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CRM as the hub of practice

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So you’ve won a new instruction and, aside from congratulating all the pitch members, the focus now switches to matter management and getting started on the work. CRM has no further part to play, does it?

Well, in my view, that’s not the case. Your CRM system has as big a part to play in keeping a client as it did during the acquisition process.

The first thing you will want to do is update your system with all the details of why you won the pitch. As we’ve seen in previous blogs, this information can be immensely useful for improving your chance of success with future opportunities.

Your CRM system can also make the whole on-boarding process run more smoothly. If you’ve been keeping it up to date throughout the acquisition process, it has nearly all the information your practice management system needs. Integrating the two systems reduces manual entry and the chance of mistakes. Plus, it ensures you only ever have one source of the truth, which is critical for ensuring you can effectively manage and grow a client.

Just as your CRM system helped you identify the people with the right skills and experience for the pitch team, it can now help you search through matters to find the right expertise to work on the current instructions. Not only that, it can also flag up where there is a potential skill or expertise shortfall, so you can plan resources more effectively.

Nurturing ongoing relationships with clients is essential. Of course, you have to ensure that the work carried out is of the highest quality, but you also have to ensure that the services surrounding it are exemplary too. Your CRM system should be the key to providing excellent client care, helping you understand who owns the key relationships and allowing you to plan and track nurturing activities.

As the relationship matures, integrating the valuable matter and financial information from your practice management system with your CRM data will help you build an increasingly in-depth profile of your client. This profile will help you gauge the risks and opportunities of dealing with them and help you drive more informed business development activities.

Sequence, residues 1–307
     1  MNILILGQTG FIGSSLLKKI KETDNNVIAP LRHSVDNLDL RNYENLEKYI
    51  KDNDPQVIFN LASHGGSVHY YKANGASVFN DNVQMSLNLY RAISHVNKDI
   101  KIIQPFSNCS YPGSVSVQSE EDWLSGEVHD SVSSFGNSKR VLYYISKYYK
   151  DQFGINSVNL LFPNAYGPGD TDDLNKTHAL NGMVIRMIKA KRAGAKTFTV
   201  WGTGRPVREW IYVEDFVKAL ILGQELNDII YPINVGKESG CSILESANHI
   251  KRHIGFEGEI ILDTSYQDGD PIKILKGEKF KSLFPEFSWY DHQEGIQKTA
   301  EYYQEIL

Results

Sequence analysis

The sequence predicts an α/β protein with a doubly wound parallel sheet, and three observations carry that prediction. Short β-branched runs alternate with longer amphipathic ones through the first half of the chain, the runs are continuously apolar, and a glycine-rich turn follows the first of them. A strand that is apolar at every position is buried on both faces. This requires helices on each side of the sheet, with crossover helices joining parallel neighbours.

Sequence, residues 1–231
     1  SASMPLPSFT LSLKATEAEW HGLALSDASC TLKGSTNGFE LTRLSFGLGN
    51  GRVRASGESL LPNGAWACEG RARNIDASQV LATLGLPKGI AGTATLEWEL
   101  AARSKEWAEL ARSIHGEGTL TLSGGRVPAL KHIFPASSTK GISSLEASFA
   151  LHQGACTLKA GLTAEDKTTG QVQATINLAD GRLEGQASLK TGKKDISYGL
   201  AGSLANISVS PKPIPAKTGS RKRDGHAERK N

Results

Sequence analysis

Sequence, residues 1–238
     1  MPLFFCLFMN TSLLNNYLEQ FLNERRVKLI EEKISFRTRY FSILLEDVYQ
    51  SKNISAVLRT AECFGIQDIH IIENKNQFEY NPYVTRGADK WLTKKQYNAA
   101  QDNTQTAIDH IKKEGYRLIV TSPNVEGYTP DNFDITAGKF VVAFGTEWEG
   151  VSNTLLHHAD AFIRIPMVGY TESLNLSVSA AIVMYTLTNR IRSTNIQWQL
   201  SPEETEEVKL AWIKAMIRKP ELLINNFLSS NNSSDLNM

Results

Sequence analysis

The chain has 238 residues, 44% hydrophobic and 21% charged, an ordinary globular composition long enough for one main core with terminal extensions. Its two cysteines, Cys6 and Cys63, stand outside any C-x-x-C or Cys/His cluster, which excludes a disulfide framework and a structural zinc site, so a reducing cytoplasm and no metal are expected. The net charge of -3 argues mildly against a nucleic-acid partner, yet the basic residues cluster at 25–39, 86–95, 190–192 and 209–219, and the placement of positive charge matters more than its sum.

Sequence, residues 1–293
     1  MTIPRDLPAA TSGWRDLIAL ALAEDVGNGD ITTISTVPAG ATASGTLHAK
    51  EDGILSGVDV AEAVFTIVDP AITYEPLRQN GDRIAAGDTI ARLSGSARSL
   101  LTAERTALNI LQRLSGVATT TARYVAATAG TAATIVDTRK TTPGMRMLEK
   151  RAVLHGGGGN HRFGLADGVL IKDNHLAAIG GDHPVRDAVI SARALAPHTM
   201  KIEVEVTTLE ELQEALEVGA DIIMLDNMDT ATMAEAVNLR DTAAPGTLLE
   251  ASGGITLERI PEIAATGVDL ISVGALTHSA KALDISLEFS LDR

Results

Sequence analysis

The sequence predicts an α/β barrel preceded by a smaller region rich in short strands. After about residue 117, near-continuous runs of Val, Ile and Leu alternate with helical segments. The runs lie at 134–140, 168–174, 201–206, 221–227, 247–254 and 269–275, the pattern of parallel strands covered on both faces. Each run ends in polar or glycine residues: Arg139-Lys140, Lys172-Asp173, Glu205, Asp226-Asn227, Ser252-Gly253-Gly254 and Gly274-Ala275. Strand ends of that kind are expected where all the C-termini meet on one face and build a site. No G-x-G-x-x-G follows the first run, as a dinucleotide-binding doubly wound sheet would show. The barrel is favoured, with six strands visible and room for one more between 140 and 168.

For example, the system can help you identify unprofitable, low-profitability and slow paying clients and make informed decisions about how you can re-structure the business to increase your margin. On the other hand, it can also help you identify opportunities for cross-selling and show you the best places to focus your energy and resources in order to build stronger relationships and win new business.

At this stage your client may not be referenceable. But, if you put CRM at the heart of your practice, carry out activities like those mentioned above meticulously and, of course, conduct matters to their complete satisfaction, then it won’t be long before they move to the next stage – advocacy.  

Tags: InterAction

About the Author:

Fiona Jackson has spent over 15 years implementing and working with InterAction in professional services firms, including legal and accountancy. In these in-house roles, supported by InterAction, she managed marketing communications, devised and implemented business development strategies as well as trained and mentored fee earners. She worked closely with internal clients to understand their business processes end-to end and guided them in utilising the 'intelligence' gathered via InterAction to help them be successful at customer relationship management.

Fiona was previously a Client Advisor for five years at LexisNexis Enterprise Solutions; and was often described as "an extension to our business" by her clients. She has now returned to the company to drive an InterAction ‘repositioning’ project for a large London law firm. Fiona is also working with other firms to help them align CRM to wider business development strategies. She specialises in strategic and tactical CRM best practice, and as an expert in devising user adoption strategies, her experience in rolling out and repositioning InterAction as a business tool is proving invaluable to clients.

Fiona is mother to two teenagers, who keep her firmly on her toes. Living in Hertfordshire, she loves walking, is often found obsessing over the latest box set and enjoys all that country pubs have to offer. She also has a spectacular Gin collection of her own. Recently, Fiona has discovered a love for cooking – the varying degrees of success hasn’t stopped her from continuing to giving it a go!

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